The Crossover

The Crossover

by Kwame Alexander

Hardcover

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Overview

New York Times bestseller ∙ Newbery Medal Winner ∙ Coretta Scott King Honor Award ∙ 2015 YALSA 2015 Top Ten Best Fiction for Young Adults 2015 YALSA Quick Picks for Reluctant Young Adult Readers ∙ Publishers Weekly Best Book ∙ School Library Journal Best Book ∙ Kirkus Best Book

"A beautifully measured novel of life and line." The New York Times Book Review

"With a bolt of lightning on my kicks . . .The court is SIZZLING. My sweat is DRIZZLING. Stop all that quivering. Cuz tonight I’m delivering," announces dread-locked, 12-year old Josh Bell. He and his twin brother Jordan are awesome on the court. But Josh has more than basketball in his blood, he's got mad beats, too, that tell his family's story in verse, in this fast and furious middle grade novel of family and brotherhood from Kwame Alexander.

Josh and Jordan must come to grips with growing up on and off the court to realize breaking the rules comes at a terrible price, as their story's heart-stopping climax proves a game-changer for the entire family.

Product Details

ISBN-13: 9780544107717
Publisher: HMH Books
Publication date: 03/18/2014
Series: Kwame Alexander's Crossover Series
Pages: 240
Sales rank: 62,472
Product dimensions: 5.40(w) x 7.80(h) x 1.00(d)
Lexile: 750L (what's this?)
Age Range: 9 - 12 Years

About the Author

Kwame Alexander is a poet, children's book author, playwright, producer, public speaker and performer. He conducts creative writing workshops in middle and high schools, often reaching more than 500 students monthly. He lives with his wife and two daughters in the Washington, D.C. area. Visit his website at www.bookinaday.org.

Read an Excerpt

Dribbling
At the top of the key, I’m
   MOVING & GROOVING,
POPping and ROCKING
Why you BUMPING?
   Why you LOCKING?
Man, take this THUMPING.
Be careful though,
’cause now I’m CRUNKing
   CrissCROSSING
FLOSSING
flipping
and my dipping will leave you
S
L
I
P
P
I
N
G   on the floor, while I
SWOOP in
to the finish with a fierce finger roll . . .
Straight in the hole:
Swoooooooooooosh.

Josh Bell
is my name.
But Filthy McNasty is my claim to fame.
Folks call me that
’cause my game’s acclaimed,
so downright dirty, it’ll put you to shame. My hair is long, my height’s tall.
See, I’m the next Kevin Durant,
LeBron, and Chris Paul.

Remember the greats,
my dad likes to gloat:
I balled with Magic and the Goat.
But tricks are for kids, I reply.
Don’t need your pets
my game’s so
fly.

Mom says,
Your dad’s old school,
like an ol’ Chevette.
You’re fresh and new,
like a red Corvette.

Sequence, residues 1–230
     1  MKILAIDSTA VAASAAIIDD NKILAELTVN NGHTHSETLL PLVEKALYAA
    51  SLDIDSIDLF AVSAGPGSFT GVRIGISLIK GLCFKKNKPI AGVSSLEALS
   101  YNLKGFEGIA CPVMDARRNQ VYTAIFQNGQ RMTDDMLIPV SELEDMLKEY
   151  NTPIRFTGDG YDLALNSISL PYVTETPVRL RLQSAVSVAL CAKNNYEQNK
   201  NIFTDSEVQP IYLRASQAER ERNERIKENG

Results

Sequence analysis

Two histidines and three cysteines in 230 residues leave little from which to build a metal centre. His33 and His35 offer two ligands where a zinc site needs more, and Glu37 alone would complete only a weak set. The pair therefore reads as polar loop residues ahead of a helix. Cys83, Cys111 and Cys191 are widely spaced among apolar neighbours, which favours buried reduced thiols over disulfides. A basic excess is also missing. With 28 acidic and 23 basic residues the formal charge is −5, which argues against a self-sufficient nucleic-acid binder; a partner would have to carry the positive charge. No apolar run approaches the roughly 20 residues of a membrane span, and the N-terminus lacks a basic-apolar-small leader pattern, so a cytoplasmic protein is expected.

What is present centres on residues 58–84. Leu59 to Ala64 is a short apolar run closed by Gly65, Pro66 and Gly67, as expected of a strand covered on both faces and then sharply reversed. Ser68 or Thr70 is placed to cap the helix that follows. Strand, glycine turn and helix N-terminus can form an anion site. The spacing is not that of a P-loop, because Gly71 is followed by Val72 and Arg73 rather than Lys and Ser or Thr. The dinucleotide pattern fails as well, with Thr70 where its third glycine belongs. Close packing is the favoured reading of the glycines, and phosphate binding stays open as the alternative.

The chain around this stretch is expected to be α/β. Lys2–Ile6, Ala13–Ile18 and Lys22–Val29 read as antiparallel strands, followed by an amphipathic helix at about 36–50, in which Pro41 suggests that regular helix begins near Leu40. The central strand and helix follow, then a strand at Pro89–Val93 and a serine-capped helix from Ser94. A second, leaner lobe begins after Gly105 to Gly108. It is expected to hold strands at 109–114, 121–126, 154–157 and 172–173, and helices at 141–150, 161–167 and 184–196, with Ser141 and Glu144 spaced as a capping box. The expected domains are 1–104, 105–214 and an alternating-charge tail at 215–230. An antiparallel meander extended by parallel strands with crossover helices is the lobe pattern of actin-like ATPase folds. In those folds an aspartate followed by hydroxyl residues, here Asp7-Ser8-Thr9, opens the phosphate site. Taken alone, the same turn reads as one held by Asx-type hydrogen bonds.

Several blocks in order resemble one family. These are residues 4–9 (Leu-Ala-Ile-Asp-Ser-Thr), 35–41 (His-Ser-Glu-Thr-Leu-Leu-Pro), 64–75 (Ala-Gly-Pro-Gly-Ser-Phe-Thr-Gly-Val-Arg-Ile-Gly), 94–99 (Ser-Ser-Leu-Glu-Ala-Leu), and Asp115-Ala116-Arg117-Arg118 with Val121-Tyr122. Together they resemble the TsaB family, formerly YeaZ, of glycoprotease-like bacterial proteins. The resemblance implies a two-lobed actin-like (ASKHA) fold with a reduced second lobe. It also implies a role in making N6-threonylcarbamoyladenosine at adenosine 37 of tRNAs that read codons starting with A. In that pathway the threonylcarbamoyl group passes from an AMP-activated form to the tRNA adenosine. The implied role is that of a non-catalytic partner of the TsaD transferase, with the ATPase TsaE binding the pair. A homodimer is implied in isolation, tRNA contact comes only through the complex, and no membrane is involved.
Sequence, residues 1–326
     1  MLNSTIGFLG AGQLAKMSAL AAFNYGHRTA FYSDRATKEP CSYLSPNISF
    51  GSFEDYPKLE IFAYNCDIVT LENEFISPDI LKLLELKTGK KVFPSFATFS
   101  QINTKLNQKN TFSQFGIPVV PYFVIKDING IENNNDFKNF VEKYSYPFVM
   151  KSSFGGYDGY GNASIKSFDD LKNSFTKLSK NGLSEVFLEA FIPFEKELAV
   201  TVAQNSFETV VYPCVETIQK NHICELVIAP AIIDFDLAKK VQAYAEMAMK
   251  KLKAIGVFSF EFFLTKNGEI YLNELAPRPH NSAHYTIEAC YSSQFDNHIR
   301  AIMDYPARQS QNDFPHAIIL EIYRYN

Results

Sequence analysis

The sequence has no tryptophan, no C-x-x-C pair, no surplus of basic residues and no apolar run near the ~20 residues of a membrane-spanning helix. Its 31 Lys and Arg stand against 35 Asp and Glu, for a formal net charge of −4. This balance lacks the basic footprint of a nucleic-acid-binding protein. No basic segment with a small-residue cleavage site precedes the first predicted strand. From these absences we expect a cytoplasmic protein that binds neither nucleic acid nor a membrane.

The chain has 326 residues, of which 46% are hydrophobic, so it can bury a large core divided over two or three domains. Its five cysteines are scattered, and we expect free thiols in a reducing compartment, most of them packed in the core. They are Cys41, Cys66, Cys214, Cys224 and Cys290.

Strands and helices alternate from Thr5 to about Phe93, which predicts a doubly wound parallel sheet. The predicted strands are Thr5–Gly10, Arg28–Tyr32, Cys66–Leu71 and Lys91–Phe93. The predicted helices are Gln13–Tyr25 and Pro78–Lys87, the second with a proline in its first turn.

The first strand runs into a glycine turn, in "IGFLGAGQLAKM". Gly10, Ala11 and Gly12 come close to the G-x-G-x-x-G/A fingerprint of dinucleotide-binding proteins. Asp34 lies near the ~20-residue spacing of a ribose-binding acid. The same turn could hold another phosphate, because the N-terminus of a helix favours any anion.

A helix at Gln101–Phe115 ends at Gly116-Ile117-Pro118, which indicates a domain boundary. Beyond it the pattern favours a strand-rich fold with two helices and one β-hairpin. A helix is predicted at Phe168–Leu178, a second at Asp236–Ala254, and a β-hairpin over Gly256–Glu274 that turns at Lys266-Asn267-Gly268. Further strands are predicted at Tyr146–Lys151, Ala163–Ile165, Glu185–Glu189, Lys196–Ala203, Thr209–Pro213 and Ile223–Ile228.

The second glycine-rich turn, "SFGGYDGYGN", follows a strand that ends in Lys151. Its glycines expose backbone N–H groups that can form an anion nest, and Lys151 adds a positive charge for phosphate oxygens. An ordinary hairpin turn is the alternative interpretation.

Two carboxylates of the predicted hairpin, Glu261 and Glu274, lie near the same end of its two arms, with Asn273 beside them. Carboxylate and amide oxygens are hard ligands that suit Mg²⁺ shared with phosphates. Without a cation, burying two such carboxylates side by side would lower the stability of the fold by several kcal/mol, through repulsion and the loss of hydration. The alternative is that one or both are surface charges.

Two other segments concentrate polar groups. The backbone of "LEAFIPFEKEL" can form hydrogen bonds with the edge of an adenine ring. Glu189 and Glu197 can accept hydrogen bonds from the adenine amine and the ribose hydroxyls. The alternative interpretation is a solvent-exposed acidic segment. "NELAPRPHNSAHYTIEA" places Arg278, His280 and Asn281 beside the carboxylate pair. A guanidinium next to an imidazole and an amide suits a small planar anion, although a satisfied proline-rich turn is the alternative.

Your game so sweet, it’s a crêpes suzette.
Each time you play
it’s ALLLLLLLLLLLLLLL net.

If anyone else called me
fresh and sweet,
I’d burn mad as a flame.
But I know she’s only talking about my game.
See, when I play ball,
I’m on fire. When I shoot, I inspire.
The hoop’s for sale, and I’m the buyer.

How I Got My Nickname
I’m not that big on jazz music, but Dad is.
One day we were listening to a CD
of a musician named Horace Silver, and Dad says,

Josh, this cat is the real deal.
Listen to that piano, fast and free,
Just like you and JB on the court.

It’s okay, I guess, Dad.
Okay? DID YOU SAY OKAY?
Boy, you better recognize

greatness when you hear it.
Horace Silver is one of the hippest.
If you shoot half as good as he jams—

Dad, no one says “hippest” anymore.
Well, they ought to, ’cause this cat
is so hip, when he sits down he’s still standing, he says.

Real funny, Dad.
You know what, Josh?
What,  Dad?

I’m dedicating this next song to you.
What’s the next song?
Only the best song,

the funkiest song
on Silver’s Paris Blues album:
“FILTHY
   McNASTY.”

At first

I didn’t like the name
because so many kids made fun of me
on the school bus,
at lunch, in the bathroom.
Even Mom had jokes.

It fits you perfectly, Josh, she said:
You never clean your closet, and
that bed of yours is always filled
with cookie crumbs and candy wrappers.
It’s just plain nasty, son.

But, as I got older
and started getting game,
the name took on a new meaning.
And even though I wasn’t into
all that jazz,
every time I’d score,
rebound,
or steal a ball,
Dad would jump up
smiling and screamin’,

That’s my boy out there.
Keep it funky, Filthy!

And that made me fee
real good
about my nickname.

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